In the week after his disastrous debate performance, Biden personally reached out to about 20 Democrats in the House of Representatives, a campaign aide told CNN, and met with party leaders — including Senate Majority Leader Chuck Schumer, House Minority Leader Hakeem Jeffries, and Reps. Nancy Pelosi and James Clyburn — with the aim of reassuring them that concerns within the party are being heard.

Since then, Schumer and Clyburn have endorsed Biden, while Jeffries has remained silent.

Pelosi has said the questions surrounding Biden’s disastrous performance during the presidential debate were “legitimate.”

Asked about Pelosi’s comments, Biden told ABC News: “It was a bad episode. No indication of a serious condition. I was exhausted.”

During a call with top House Democrats hosted by Jeffries on Sunday, a half-dozen lawmakers voiced their own concerns in a conversation that one aide described to CNN as “pretty brutal.”

These lawmakers — who CNN reported include Reps. Jerry Nadler, Adam Smith, Mark Takano and Joe Morelle — represent the highest-ranking Democrats on the Judiciary, Defense, Veterans Affairs and House Administration committees.

A campaign official declined to say whether the president had spoken directly to Sen. Mark Warner, the Virginia Democrat who has been organizing a simultaneous effort among like-minded senators to explore the possibility of an official request for Biden to step aside. Warner canceled a follow-up meeting scheduled for Monday night, a source told CNN, after news of the group’s efforts leaked. The next meeting is scheduled for Tuesday with senatorial Democrats and their leadership.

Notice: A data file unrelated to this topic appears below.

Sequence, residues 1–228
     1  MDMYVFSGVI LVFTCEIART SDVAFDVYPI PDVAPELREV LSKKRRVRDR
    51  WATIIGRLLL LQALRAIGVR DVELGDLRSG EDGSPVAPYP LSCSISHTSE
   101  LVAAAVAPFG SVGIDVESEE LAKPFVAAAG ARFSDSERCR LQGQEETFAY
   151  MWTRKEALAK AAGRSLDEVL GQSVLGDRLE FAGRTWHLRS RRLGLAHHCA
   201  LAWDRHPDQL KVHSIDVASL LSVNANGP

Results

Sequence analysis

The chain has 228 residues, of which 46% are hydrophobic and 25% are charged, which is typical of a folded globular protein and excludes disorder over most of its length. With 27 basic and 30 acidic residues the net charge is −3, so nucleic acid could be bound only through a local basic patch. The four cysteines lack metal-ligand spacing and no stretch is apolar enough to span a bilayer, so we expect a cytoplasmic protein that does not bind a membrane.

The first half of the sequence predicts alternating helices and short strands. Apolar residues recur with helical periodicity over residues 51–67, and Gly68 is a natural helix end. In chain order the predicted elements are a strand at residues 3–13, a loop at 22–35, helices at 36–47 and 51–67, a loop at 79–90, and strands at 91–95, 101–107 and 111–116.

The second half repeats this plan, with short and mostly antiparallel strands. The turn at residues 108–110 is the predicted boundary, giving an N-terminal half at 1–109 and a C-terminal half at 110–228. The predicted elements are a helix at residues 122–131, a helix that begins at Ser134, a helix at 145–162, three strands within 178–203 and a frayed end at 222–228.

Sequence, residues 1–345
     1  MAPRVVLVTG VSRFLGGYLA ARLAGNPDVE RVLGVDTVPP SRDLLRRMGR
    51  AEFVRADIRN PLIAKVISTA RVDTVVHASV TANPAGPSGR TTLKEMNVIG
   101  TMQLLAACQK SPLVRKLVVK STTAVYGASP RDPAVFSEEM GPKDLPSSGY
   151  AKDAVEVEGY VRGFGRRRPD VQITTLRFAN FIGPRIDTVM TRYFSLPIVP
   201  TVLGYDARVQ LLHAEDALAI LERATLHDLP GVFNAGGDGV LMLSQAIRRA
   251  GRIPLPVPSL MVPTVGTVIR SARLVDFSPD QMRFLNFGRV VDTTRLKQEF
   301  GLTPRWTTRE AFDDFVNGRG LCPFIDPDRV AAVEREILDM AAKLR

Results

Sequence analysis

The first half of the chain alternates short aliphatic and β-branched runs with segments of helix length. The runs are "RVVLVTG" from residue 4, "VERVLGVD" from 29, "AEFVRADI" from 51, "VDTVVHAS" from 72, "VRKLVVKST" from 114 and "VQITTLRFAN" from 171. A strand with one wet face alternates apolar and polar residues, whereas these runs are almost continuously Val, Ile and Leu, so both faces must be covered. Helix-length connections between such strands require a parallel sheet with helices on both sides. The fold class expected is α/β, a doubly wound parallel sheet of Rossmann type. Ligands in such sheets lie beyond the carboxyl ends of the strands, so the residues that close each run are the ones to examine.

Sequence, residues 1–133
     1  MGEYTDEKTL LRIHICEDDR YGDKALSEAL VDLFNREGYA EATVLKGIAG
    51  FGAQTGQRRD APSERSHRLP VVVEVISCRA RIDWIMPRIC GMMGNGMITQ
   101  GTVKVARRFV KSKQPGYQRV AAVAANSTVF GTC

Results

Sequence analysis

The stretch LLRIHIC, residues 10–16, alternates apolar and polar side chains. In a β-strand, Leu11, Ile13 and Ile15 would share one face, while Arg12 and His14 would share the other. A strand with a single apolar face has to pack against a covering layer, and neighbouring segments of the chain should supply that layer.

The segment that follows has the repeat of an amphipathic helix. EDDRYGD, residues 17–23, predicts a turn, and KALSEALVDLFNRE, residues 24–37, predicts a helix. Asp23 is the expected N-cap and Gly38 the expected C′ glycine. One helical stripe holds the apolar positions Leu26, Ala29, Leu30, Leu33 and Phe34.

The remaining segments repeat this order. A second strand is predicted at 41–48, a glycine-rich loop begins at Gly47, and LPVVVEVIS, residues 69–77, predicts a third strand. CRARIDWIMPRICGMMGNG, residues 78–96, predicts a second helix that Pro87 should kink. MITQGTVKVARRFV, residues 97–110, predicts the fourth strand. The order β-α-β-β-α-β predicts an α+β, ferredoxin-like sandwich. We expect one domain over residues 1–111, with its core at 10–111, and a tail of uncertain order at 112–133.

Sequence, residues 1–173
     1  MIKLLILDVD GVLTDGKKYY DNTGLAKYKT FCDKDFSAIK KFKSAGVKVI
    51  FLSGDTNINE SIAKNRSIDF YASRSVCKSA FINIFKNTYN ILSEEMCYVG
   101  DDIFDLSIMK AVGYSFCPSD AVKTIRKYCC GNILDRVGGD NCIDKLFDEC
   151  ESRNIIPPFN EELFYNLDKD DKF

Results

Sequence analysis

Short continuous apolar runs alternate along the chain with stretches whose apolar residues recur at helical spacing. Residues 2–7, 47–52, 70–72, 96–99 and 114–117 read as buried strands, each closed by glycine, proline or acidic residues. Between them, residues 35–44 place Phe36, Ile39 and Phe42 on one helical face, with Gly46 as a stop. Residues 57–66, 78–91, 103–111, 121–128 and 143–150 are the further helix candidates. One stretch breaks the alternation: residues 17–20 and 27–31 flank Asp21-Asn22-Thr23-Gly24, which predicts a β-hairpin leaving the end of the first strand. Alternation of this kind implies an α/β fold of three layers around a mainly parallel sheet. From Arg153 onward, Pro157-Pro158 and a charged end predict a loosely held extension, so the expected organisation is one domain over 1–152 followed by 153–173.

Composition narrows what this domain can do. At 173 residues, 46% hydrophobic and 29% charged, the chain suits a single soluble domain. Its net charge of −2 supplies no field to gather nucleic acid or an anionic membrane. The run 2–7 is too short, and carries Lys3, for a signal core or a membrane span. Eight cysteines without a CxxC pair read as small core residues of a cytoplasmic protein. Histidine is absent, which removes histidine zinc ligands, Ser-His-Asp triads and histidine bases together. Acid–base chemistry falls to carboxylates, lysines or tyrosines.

Biden told ABC News that Warner was a “good man” but had a “different perspective.”

Biden’s campaign on Monday highlighted a slate of endorsements from Hill Democrats, seeking to bolster the voices who have expressed confidence in the president’s candidacy in recent days.

Also on Monday, the Biden campaign is hosting a donor call with its national finance committee, a source familiar with the call said, another sign of outreach. A senior Democratic adviser told CNN that Biden is expected to participate in the call, underscoring a key campaign concern about whether donors will continue to support him or divert their money to House and Senate campaign efforts if he stays in the race.

Campaign chair Jen O’Malley Dillon will lead the call, and Maryland Gov. Wes Moore is expected to be among the speakers joining the call, the source said.

The call is expected to take place around noon ET, and it’s unclear how many donors will tune in. The campaign held a similar call last week, in which O’Malley Dillon defended the president’s health and said the team was “clear-eyed, not polly-ish” about the president’s performance during the debate. About 500 donors participated in that call.

Moore was one of the governors Biden met with at the White House last week. After the meeting, he told reporters he supports the president but acknowledged voters’ concerns.

“We always believe that if you love someone, you tell them the truth. And I think we were honest about the feedback that we got. We were honest about the concerns that we heard from people,” Moore said.

He continued: “And we’re also honest about the fact that the president continued to tell us and show us that he was fully committed, and we said we would stand with him.”

CNN’s Jeff Zeleny contributed to this report.

Leave a Comment